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Aug 05

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August 5: Guy de Maupassant

Guy de Maupassant (1850)

Guy de Maupassant

It was on this date, August 5, 1850, that French naturalistic writer Henri René Albert Guy de Maupassant was born, probably in Château de Miromesniel, Dieppe. His maternal grandfather was Gustave Flaubert’s godfather, and Guy de Maupassant became friends with Flaubert, as well as with Émile Zola, sharing their religious skepticism.

He studied law in Paris, but at age 20 Maupassant volunteered for the Franco-Prussian War. That experience, as well as Norman peasant life and the fashionable life of Paris, formed the core of his many stories. From 1872 to 1880 Maupassant was a civil servant and joined the literary circle of Gustave Flaubert, through whom he met other leading writers, including Zola, Ivan Turgenev and Henry James. Maupassant adopted Flaubert’s ardor for exactness and accuracy of observations, and precision of style. In this, he was aided by a photographic memory.

Between 1880 and 1891 Maupassant wrote about 300 short stories, a literary form that he mastered, some six novels and many poems – totaling about 29 volumes when published 1908-10. His stories include “Boule de suif” (“Ball of Fat,” 1880), which made his literary reputation and may have been the inspiration for John Ford’s 1945 western, Stagecoach – which in turn made the reputation of a struggling young actor named John Wayne. Another short story, “The Inn,” may have inspired Steven King’s story, The Shining. His “Clair de Lune,” and most of the rest of his literary efforts, express a deep religious skepticism, if not outright Atheism.

In his short story, “The Marquis de Fumerol,” for example, a family laments:

If the Marquis de Fumerol, one of the greatest names in France, were to die without the ministrations of religion, it would assuredly be a terrible blow to the nobility in general, and to the Count de Tourneville in particular, and the freethinkers would be triumphant. The liberal newspapers would sing songs of victory for six months…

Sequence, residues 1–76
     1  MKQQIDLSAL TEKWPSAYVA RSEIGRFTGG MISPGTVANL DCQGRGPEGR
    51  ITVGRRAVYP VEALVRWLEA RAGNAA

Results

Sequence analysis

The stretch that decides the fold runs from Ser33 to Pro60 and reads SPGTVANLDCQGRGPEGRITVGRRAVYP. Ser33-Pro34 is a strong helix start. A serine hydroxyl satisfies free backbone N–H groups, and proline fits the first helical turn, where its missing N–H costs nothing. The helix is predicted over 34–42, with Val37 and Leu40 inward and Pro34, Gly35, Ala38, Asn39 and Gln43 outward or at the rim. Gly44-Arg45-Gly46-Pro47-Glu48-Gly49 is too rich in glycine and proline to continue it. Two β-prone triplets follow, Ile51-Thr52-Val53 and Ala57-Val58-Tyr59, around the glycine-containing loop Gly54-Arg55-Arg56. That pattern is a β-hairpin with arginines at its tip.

When the dying Marquis is cornered, a priest confronts him, and the Marquis,

pointed to the door with a proud, tragic gesture, and said angrily and breathing hard: ‘Leave this room – go out – robber of souls. Go out from here, you violator of consciences. Go out from here, you pick-lock of dying men’s doors!’

But the Marquis shortly dies and the priest administers last rites to his corpse – in spite of which, the family convinces itself that Fumerol somehow expresses gratitude. At the funeral, Viscount Roget “showed in admirable terms that God always returns victorious into well-born souls which have temporarily been led into error… .”

But the deluded Viscount has to stop speaking because his audience is laughing! Speaking for all, someone pipes up, “Bah! That is the story of all conversions in extremis.”*

The brilliant decade of the 1880s brought Maupassant monetary reward and literary recognition, which combined with his financial acumen made him a wealthy man – though he also spent lavishly. The strain of overwork and a syphilitic infection he contracted in his 20s, combined with a luxurious lifestyle to ruin his health, both mentally and physically. Maupassant’s mind began to fail in 1891 and, after a suicide attempt, he spent the last eighteen months of his life in an asylum in Paris. He died there on 6 July 1893 at the age of 43. Guy de Maupassant once said, “Patriotism is a kind of religion; it is the egg from which wars are hatched.”

* Translated by McMaster, Henderson, Quesada, et al.

Originally published August 2003 by Ronald Bruce Meyer.

About the author

Ronald Bruce Meyer

Freethought Almanac was created by Ronald Bruce Meyer, in collaboration with freethoughtradio.com, in March 2003. What started with a brief notice on the birthday of Albert Einstein, grew into almost 250,000 words on not only biography but history, philosophy, theology and politics — one day at a time. Freethought Almanac looks at these daily subjects from a godless point of view, that is, a point of view that is based not on fantasies, delusions or wishful thinking, but a view that is evidence-based.

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